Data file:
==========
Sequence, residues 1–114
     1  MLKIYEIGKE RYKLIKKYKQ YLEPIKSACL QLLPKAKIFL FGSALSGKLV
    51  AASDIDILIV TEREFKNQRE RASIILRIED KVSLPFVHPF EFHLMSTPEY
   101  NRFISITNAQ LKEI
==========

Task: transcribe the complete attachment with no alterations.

Sequence, residues 1–114
     1  MLKIYEIGKE RYKLIKKYKQ YLEPIKSACL QLLPKAKIFL FGSALSGKLV
    51  AASDIDILIV TEREFKNQRE RASIILRIED KVSLPFVHPF EFHLMSTPEY
   101  NRFISITNAQ LKEI